Overall, the feelings between Jesus and Mary seemed matronly, at best, and even then, fairly detached. Nothing about their interactions raised questions as to the nature of their relationship, which is fundamental to Judas’ criticism of their interactions. For his part, Jesus started out with nearly flat affect, a moody, brooding loner rather than the emotionally invested buddy to all who fights the painful knowledge of their betrayal to come. Hopewell eventually warmed up to shine later in the performance, when he hit all the impossibly high notes, even besting the original on a few occasions. But anything in the lower range prioritized accuracy over power, as in the disagreement with Judas over Mary’s role in the grand scheme: when Judas makes a stinging allusion to her profession as a sex worker—“Yes, I can understand that she amuses…”—I expect Jesus to spit back with equal burn “If your slate is clean then you can throw stones/ If your slate is not then leave her alone.” But Hopewell’s Jesus came to a weak defense, reciting the words with little meaning behind them. Judas, on the other hand, dressed in the darkest garb of the ensemble, played his vocals so hard that his voice seemed to break on more than a few occasions. Was this accidental? They are reaching the end of their tour, and if he’s been giving his performance this much for the entire tour, it’s a wonder he hasn’t blown anything out yet. Was this intentional, for effect? I don’t know, but I would take his heartfelt delivery, cracks and all, over the cold precision of the rest of their trio any day.
Another distinction in the look and feel of this production came with the arrival of the Pharisees and priests, arranged atop a cross laid across the floor in the middle of the stage. They wore no grandiose mitres on their heads. They also wore no shirts under their jackets, instead baring their chests with a version of the 12 Tribes of Israel pendant hanging above voluminous, high-waisted pants. The tall, golden rods they carried, and periodically stroked in a sensual fashion, doubled as microphone stands when flipped on end. Annas, played by Kodiak Thompson, was a perfectly shrill counterpart to Caiaphas, played by Grant Hodges, who struggled a bit to reach a low enough bass but played his role with impeccably cold and callous delivery. Altogether, the priests were appropriately ominous and ushered in the doom and paranoia each time they approached as the arbiters of groupthink.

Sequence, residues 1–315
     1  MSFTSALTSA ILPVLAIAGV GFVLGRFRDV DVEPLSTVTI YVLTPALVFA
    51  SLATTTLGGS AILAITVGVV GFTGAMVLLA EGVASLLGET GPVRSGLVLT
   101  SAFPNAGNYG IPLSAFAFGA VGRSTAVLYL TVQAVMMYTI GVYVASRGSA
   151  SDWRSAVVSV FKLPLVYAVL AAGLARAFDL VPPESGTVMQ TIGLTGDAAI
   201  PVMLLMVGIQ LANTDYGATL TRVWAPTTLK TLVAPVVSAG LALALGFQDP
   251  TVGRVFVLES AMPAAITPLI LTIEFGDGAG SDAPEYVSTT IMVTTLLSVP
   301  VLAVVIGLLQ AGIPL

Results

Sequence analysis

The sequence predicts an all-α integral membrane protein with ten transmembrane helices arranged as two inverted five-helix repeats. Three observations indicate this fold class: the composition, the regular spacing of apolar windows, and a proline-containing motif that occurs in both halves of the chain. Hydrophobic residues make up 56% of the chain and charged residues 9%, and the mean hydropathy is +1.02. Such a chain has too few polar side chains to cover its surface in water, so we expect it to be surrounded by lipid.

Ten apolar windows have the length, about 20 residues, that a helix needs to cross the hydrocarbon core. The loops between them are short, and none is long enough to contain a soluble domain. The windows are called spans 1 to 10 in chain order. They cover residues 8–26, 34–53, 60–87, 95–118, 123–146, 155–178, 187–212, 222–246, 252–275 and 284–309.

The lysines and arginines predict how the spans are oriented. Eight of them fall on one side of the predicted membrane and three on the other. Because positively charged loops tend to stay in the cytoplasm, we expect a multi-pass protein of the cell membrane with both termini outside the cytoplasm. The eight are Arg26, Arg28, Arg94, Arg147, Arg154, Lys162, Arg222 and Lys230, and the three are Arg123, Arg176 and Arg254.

Throughout the production, the use of microphones cleverly conveyed the struggles for power that are central to this story. Just as the priests alternated between authoritative rod and microphone in an orchestrated fashion, the three central characters at times struggled for possession of the microphone and control of the narrative. Mary would produce an extra mic for Jesus while Judas would grab it from his hands. Later, Pilate would drag a mic stand onto the stage, as it was clearly his uncontested and uninterrupted turn to command the story. But the ever-weakening Jesus continually failed to maintain control over the microphone or the narrative, as was his fate.
In keeping with the minimalist costumes, an oversized, pale mask worn by various ensemble members was the primary indication of Rome’s all-seeing eye, cautiously monitoring from the rafter the evolution of Jesus and his followers. As Simon made his fevered pitch that Jesus step up to claim his seat as ruler of the land, the Zealots danced in a frenzied manner, borrowing a few moves from the ecstatic film choreography. This is one of the liveliest moments in the story, one of my favorite scenes in the movie, and Brett Hennessey Jones delivered the fervor and energy needed to convince us all that he is insanely excited about Jesus the savior, foreshadowing the impending, equally impassioned disappointment of the zealots and the mob.